PMID: 5903581Feb 4, 1966

Structure and organization of the living mitotic spindle of Haemanthus endosperm

A Bajer, R D ALLEN


New details of mitotic spindle structures in the endosperm of Haemanthus katherinae (Bak) have been demonstrated by differential interference microscopy. Spindle fibers are clearly seen in the living spindle extending from the kinetochores to the polar region. Individual spindle fibers consist of a bundle of smaller filaments which diverge slightly from the kinetochore and intermingle with filaments from other spindle fibers as they approach the polar region. The degree of intermingling increases during metaphase and anaphase. The chromosomes stop moving when the spindle fibers are still 5 to 10microns long; then the fibers disappear. These observations explain some aspects of spindle movements which were difficult to reconcile with earlier concepts of spindle organization.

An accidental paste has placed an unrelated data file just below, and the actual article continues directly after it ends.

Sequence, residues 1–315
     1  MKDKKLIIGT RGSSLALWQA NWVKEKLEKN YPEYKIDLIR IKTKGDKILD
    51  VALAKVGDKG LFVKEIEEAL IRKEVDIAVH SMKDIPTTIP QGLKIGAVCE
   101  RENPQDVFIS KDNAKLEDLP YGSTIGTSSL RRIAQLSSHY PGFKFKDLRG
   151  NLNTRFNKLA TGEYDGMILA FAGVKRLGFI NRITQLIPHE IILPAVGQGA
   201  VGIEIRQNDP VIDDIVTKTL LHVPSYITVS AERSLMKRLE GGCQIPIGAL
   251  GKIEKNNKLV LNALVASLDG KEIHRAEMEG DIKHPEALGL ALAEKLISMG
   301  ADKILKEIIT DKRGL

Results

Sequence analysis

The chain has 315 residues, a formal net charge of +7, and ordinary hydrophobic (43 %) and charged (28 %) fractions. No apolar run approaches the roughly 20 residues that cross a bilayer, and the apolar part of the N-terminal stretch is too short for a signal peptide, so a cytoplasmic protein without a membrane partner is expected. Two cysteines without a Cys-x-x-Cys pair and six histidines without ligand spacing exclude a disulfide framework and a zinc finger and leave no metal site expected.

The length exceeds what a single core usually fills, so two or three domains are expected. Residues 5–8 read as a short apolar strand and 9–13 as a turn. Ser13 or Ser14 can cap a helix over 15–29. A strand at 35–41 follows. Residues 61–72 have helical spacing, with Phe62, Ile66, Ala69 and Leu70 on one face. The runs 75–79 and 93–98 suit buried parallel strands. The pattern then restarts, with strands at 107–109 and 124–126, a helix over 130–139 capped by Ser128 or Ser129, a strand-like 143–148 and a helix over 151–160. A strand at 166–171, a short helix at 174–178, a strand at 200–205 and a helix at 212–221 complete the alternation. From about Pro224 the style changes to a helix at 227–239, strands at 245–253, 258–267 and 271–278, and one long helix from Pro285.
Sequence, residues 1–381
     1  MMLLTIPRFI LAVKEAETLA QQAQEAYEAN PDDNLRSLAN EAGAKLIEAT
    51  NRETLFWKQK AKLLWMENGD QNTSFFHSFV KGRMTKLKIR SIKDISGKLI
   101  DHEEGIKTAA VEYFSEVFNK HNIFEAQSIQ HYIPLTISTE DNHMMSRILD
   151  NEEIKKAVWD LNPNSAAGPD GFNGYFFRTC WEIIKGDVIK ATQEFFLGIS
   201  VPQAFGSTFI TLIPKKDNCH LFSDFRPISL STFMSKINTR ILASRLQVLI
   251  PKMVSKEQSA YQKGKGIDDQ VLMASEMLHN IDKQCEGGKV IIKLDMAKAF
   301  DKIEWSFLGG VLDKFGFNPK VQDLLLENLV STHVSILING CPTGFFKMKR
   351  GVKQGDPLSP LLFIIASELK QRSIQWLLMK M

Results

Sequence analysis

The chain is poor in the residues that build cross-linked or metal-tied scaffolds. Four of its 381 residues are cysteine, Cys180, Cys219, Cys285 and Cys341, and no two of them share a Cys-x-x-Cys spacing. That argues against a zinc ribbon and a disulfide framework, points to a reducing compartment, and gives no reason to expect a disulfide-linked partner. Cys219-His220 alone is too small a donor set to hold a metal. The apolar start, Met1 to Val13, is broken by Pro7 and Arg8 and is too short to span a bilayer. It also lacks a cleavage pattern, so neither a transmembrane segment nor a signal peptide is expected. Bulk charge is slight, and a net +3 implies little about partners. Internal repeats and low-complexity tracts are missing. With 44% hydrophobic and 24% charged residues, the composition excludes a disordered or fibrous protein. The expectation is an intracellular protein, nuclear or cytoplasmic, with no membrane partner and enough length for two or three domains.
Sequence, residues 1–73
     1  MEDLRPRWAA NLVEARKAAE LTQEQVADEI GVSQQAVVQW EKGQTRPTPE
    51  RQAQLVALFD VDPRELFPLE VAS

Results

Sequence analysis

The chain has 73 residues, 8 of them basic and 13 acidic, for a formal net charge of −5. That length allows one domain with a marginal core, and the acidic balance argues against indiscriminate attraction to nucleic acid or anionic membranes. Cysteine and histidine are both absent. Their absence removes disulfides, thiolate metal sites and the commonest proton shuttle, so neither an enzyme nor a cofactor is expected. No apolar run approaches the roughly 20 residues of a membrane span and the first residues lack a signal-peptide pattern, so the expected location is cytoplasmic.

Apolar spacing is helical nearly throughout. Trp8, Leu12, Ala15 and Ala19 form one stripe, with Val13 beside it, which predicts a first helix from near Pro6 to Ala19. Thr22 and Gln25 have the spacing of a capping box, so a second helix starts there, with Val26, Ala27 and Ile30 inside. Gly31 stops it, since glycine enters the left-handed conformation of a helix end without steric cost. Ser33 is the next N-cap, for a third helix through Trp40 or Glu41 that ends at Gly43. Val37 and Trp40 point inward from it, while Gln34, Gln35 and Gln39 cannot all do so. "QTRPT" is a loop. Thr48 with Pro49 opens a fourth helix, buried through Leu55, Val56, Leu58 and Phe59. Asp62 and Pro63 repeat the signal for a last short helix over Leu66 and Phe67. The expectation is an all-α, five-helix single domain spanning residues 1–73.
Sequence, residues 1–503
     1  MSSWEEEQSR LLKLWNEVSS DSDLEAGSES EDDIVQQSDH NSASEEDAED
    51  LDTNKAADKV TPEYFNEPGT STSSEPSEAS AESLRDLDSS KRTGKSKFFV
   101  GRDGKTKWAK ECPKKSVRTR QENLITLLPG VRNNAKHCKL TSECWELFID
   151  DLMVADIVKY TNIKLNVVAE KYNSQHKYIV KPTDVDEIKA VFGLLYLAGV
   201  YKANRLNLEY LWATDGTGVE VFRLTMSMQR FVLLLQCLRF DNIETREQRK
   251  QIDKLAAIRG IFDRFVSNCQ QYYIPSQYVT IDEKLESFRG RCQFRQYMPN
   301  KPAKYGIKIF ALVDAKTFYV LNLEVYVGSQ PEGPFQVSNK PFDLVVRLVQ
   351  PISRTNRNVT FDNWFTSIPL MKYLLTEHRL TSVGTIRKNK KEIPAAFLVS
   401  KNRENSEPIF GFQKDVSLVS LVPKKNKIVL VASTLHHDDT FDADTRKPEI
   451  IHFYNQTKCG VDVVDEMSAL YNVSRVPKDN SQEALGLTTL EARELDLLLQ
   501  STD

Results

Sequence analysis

Jan 1, 1969·Chromosoma·J Molè-Bajer
Jan 1, 1970·Chromosoma·J A ClarkeA J Salsbury
Sep 4, 1969·The New England Journal of Medicine·C P HolroydeF H Gardner
Jun 1, 1968·Proceedings of the National Academy of Sciences of the United States of America·M P Maguire
Sep 1, 1967·The Journal of Cell Biology·L I Rebhun, G Sander
Jan 1, 1975·The Journal of Cell Biology·J W Fuseler
Oct 22, 2003·Cell Motility and the Cytoskeleton·Shawna L Fleming, Conly L Rieder
Mar 22, 2007·BioEssays : News and Reviews in Molecular, Cellular and Developmental Biology·Pankaj DhonuksheJirí Friml
Jul 1, 1967·Journal of Ultrastructure Research·P T Jokelainen
Nov 1, 1966·The American Journal of Medicine·D G Nathan, R B Gunn
Jan 1, 1986·Cell Motility and the Cytoskeleton·L I Rebhun
Nov 1, 1967·Journal of Dental Research·R Hoffman, L Gross
Mar 1, 1972·Journal of Dental Research·R Hoffman, L Gross

Related Concepts

Cell Division Phases
Microscopy, Differential Interference Contrast

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